When Pew Research Center conducted case studies of local news environments in three U.S. cities, one question was whether residents thought the news had changed in recent years and how digital news habits played in that perception.
For the news business, there was a good headline: More longtime residents – those who have lived in their city for at least five years – say that the quality of their city’s local news has gotten better than say it has gotten worse. And more think keeping up with local news has gotten easier than harder. It should be noted, though, that about half of longtime residents in the three cities – Denver, Macon, Ga., and Sioux City, Iowa – think their local news is about the same for both quality and ease of access.
About four-in-ten longtime residents in Sioux City (40%) and Macon (38%) and about three-in-ten in Denver (29%) say that the quality of local news has gotten better; only a small minority in each city says that it has gotten worse. The same pattern holds for thinking that keeping up with local news is easier; roughly four-in-ten longtime residents in each city say this.
When it comes to how easy it is to keep up with the news, one group of longtime residents stands out: those who get at least some of their local news through social media. In all three cities, longtime residents who follow local news via social media are more likely than those who do not to find local news easier to keep up with. This is true compared with both those who get local news digitally but not from social media and those who rarely, if ever, access it digitally.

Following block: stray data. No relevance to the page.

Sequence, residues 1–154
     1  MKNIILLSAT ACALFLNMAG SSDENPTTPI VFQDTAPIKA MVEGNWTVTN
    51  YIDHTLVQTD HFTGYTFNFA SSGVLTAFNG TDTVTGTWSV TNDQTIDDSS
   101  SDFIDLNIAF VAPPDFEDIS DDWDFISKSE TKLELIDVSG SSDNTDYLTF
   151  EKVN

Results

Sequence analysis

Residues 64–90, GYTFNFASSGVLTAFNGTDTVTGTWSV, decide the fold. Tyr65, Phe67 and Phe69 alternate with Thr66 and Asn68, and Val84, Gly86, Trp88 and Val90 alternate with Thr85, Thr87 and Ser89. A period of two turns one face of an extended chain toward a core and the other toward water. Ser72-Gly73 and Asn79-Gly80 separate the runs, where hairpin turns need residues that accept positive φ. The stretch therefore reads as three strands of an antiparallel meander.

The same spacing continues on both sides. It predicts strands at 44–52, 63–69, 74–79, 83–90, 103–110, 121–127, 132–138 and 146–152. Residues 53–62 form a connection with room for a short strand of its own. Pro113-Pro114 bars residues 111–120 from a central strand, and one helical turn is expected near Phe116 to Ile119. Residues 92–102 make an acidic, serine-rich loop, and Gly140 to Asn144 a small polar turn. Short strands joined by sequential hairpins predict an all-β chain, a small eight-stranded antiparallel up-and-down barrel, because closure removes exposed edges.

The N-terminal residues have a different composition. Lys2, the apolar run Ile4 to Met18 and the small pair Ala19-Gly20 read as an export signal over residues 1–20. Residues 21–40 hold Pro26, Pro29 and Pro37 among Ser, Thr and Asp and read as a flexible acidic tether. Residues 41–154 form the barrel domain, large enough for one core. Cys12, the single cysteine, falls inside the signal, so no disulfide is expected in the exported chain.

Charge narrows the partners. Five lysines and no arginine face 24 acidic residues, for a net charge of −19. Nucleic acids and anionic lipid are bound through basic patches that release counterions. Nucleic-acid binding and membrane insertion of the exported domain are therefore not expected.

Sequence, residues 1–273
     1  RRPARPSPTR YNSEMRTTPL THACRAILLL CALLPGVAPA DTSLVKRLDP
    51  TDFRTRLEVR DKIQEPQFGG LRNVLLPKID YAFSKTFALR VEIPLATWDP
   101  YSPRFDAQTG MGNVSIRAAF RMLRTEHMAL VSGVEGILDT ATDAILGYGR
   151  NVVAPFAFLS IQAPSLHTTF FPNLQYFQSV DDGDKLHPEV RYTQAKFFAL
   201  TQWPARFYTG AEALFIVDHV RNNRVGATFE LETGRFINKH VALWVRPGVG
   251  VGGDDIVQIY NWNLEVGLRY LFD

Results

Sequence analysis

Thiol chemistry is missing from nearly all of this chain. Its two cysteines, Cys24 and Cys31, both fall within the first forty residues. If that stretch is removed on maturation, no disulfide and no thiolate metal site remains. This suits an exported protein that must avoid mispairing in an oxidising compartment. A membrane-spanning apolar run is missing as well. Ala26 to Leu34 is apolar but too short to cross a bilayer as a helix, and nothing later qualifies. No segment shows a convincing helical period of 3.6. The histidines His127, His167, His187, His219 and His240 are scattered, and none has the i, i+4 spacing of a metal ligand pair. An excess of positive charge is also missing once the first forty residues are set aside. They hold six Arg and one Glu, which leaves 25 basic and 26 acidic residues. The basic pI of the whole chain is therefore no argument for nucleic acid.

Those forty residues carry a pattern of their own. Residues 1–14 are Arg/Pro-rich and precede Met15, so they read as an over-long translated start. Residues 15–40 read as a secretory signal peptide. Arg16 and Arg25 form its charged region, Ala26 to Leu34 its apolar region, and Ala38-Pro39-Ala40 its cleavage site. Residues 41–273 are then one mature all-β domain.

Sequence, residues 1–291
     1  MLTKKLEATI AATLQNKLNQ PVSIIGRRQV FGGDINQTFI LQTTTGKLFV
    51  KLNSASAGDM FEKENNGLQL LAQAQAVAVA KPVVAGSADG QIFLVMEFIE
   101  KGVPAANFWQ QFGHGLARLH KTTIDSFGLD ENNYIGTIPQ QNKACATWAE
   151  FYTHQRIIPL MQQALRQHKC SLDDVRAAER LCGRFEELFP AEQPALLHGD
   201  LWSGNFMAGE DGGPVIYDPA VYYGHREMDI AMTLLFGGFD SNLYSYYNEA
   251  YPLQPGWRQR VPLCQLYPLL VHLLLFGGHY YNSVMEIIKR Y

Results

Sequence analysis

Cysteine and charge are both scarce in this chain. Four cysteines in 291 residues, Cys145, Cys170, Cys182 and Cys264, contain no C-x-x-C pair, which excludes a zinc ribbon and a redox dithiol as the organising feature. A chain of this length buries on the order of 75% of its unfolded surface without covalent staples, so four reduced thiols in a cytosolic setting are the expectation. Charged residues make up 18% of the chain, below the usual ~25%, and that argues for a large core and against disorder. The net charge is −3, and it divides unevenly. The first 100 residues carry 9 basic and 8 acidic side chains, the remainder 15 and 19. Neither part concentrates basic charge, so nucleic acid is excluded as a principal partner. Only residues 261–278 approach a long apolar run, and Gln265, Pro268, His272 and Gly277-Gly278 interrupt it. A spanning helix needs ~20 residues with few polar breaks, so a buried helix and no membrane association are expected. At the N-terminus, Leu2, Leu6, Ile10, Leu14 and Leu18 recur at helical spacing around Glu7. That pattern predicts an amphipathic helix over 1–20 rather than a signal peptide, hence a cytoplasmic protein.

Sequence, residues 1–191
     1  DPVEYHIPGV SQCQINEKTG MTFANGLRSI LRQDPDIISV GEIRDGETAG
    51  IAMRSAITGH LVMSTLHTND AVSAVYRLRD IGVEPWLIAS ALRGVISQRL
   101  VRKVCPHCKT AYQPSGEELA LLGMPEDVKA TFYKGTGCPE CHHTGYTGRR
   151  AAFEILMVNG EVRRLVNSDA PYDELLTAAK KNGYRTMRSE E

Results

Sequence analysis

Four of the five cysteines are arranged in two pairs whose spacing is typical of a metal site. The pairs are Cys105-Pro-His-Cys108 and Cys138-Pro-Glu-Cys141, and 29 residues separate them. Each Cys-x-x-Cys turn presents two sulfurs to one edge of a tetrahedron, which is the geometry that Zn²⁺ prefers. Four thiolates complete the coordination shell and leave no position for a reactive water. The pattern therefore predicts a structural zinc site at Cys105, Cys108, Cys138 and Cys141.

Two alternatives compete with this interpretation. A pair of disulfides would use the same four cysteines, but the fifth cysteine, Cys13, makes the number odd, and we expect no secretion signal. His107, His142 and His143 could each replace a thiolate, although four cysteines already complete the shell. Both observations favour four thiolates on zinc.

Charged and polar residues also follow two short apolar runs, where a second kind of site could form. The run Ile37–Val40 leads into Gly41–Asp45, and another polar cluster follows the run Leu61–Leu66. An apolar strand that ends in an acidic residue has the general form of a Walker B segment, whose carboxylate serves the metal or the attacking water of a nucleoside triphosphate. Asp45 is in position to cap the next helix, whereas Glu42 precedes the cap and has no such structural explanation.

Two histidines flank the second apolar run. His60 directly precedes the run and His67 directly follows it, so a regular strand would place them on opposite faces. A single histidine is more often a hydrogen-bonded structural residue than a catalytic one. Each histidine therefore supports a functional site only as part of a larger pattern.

These residents who use social media for news are also more likely than others to rely on different news sources today than they did five years prior. In each city, about four-in-ten longtime residents who get local news on social media say that their sources are now different from five years ago, compared with three-in-ten or less of those who do not. In Denver, for example, 46% of longtime residents who get local news on social media say that the sources they use are different, compared with 30% of those who get news digitally but not on social media and 28% of those who do not get local news digitally.
Less of a consistent pattern emerges when it comes to the belief that the quality of their local news has gotten better. In Macon, almost half (46%) of long-term residents who get local news on social media say that local news has improved over the past five years, compared with about one-third of those who get news digitally but not from social media (33%) and non-digital local news followers (35%). There is no significant difference, though, in Denver or Sioux City.
While social media use stood out among longtime residents, there are also notable differences in race and ethnicity as well as education. In Macon, blacks are more likely than whites to say local news has gotten better and easier to keep up with, and are more likely to get news from different sources from five years ago. The same is true of Hispanics in Denver in comparison to whites. (Blacks and Hispanics make up too small of portion of the Sioux City population to examine separately.) Additionally, in all three cities those who have a college degree are less likely to say their local news has gotten better in quality. But there are not any notable education differences in the ease of keeping up with local news or getting news from different sources.